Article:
The web client is the new and strongly preferred mechanism to manage your vSphere environment. In fact, the Windows VI client now comes up with a big warning that it’s going the way of the dodo bird when you launch it. I suspect in vSphere 6.0 the Windows VI client as we know it will not exist. Yes, today SRM and parts of VUM still need the Windows client. So we will be installing it later on. Remember the web client is the only way to modify hardware v10 VMs.
In this post we will install the web client and replace the SSL certificates with trusted ones, by using the VMware certificate tool. Installation and SSL certificate replacement is straight forward. There is one installation gotcha that I elaborate on below. Getting IE 10 on Windows Server 2012 can be a bit frustrating to get working with the web client, so I’ll go over that as well.
SQL 2012 AlwaysOn Failover Cluster for vCenter
vSphere 5.5 Install Pt. 1: Introduction
vSphere 5.5 Install Pt. 2: SSO 5.5 Reborn
vSphere 5.5 Install Pt. 3: vCenter Upgrade Best Practices and Tips
vSphere 5.5 Install Pt. 4: ESXi 5.5 Upgrade Best Practices and Tips
vSphere 5.5 Install Pt. 5: SSL Deep Dive
vSphere 5.5 Install Pt. 6: SSL Certificate Template
vSphere 5.5 Install Pt. 7: Install SSO
vSphere 5.5 Install Pt. 8: Online SSL Minting
vSphere 5.5 Install Pt. 9: Offline SSL Minting
vSphere 5.5 Install Pt. 10: Update SSO Certificate
vSphere 5.5 Install Pt. 11: Install Web Client
vSphere 5.5 Install Pt. 12: Configure SSO
vSphere 5.5 Install Pt. 13: Install Inventory Service
vSphere 5.5 Install Pt. 14: Create Databases
vSphere 5.5 Install Pt. 15: Install vCenter
vSphere 5.5 Install Pt. 16: vCenter SSL
vSphere 5.5 Install Pt. 17: Install VUM
vSphere 5.5 Install Pt. 18: VUM SSL
vSphere 5.5 Install Pt. 19: ESXi SSL Certificate
Install Web Client
1. Mount your vCenter 5.5 ISO and launch the installer. On the installer screen select vSphere Web Client then click Install.
2. Accept the license agreement then we see the Destination Folder. Now you may be thinking, like I did, ok let’s install this on the D drive. Bzzzttt that would be bad. There’s a long standing issue (since 5.1) with the web client that it will only function on the C drive. So I would urge you not to change the path if you want a functional system.
3. Accept the default ports.
4. Enter the SSO password that you entered during the SSO configuration. Verify that the lookup service URL is correct.
5. The web client should now pop up with a hash value of the lookup service certificate. If you have already replaced your SSO certificate, as covered in Part 10, then we can verify the web client is using the trusted SSO certificate. Double click on the rui.crt file in your vCenter SSO and go to the Details tab. Scroll all the way down and verify the hashes match. As you can see here, they are match.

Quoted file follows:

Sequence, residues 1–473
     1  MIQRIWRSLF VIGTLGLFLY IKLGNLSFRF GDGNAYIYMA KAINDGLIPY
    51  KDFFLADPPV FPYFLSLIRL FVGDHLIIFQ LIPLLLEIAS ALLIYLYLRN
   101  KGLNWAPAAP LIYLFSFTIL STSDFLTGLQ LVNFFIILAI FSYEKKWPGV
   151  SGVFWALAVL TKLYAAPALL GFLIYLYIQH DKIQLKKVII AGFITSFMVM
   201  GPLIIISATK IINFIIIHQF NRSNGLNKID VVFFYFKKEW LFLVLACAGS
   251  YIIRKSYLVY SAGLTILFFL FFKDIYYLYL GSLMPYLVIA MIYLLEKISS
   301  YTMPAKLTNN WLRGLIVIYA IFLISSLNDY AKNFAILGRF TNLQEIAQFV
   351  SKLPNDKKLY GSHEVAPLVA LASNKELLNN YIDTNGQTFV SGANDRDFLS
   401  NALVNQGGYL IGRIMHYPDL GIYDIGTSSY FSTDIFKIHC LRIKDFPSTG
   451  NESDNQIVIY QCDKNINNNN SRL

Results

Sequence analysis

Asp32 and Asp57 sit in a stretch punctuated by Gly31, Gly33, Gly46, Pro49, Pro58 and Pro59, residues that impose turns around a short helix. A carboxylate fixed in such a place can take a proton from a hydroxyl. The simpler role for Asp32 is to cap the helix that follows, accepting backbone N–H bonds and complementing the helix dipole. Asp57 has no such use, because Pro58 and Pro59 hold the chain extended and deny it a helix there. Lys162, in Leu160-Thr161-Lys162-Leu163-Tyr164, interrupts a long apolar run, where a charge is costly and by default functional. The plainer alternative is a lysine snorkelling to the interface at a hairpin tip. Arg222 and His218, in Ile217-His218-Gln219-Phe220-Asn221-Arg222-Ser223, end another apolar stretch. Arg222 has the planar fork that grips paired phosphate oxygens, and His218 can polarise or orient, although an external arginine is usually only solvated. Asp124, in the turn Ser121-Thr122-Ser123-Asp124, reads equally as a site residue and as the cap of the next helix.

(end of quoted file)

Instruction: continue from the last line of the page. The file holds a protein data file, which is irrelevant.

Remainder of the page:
6. Another window should pop up that lists some certificates. In my case three certificates were listed: Root, intermediate, and the SSO service. All were issued from my trusted CA, so I clicked Install Certificates.
7. The installer was then ready to install so I clicked Install. Wait a few minutes after the installer is done so the web services can start up.
Replace SSL Certificates
1. Launch the VMware SSL automation tool. From the main menu select option 7.
2. On the next menu first select option 4, and after that completes, select option 6. Each time you will be asked to confirm details such as the certificate path, username and password. All values should be pre-configured for you. You should see two successful messages.
Configure IE 10
Using IE on Windows Server 2012 requires a bit of reconfiguration to enable it to work with the web client. Unfortunately the web client is Flash based (terrible idea, should use HTML5), and Microsoft built flash player into Windows 8/WS2012 (also a terrible idea IMHO). If you skipped over my vCenter VM provisioning section, you must have the Desktop Experience enabled for Flash to work. If that feature is not enabled (and subsequently fully patched by Windows update/WSUS/SCCM), Flash will be non-functional or outdated. The web client is very picky about what version of Flash is installed.
1. If IE Enhanced Security is on, turn it off.
2. Open IE and navigate to the URL for the web client: https://YourFQDN:9443/vsphere-client. The web page will likely come up blank white page. This is because IE is blocking Flash player. Add the URL to the Local Intranet zone. Refresh the web page and the login box should appear. If it does not appear, or you get a Flash Player error/icon, then you haven’t run Windows update recently on the computer. Fully patch the server before proceeding. You can’t be sneaky and download the offline Flash Player. It’s baked into Windows now, so it must be updated through Windows Update/WSUS/SCCM.
The URL should not appear red, since the SSL certificate has been replaced. You can also click on the lock icon to view the SSL certificate being used and that it is trusted.
3. In the lower left of the web page click on Download the Client Integration Plug-in. Save it and then run it. You will need to close IE for the installer to proceed. Open IE after the installer is complete and go to the vSphere client page again.
4. You should now see a login box and the Use Windows Session Credentials box is now un-ghosted. We can’t use that feature yet, but now you know the client integration pack is installed. Login with your email@example.com password.
5. If everything goes well then you should now see the very fast vSphere Web Client open up. Congrats, you have a working vSphere web client with a trusted SSL certificate.
As you can see, installing the web client, configuring SSL, and fiddling with IE10 is not rocket science. You are now able to connect to the SSO service and poke around with some settings. That’s exactly what we will do in Part 12.